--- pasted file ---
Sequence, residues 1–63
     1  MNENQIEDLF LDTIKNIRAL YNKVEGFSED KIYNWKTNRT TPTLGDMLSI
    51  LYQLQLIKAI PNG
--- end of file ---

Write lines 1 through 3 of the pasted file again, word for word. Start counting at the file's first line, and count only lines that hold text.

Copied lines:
Sequence, residues 1–63
     1  MNENQIEDLF LDTIKNIRAL YNKVEGFSED KIYNWKTNRT TPTLGDMLSI
    51  LYQLQLIKAI PNG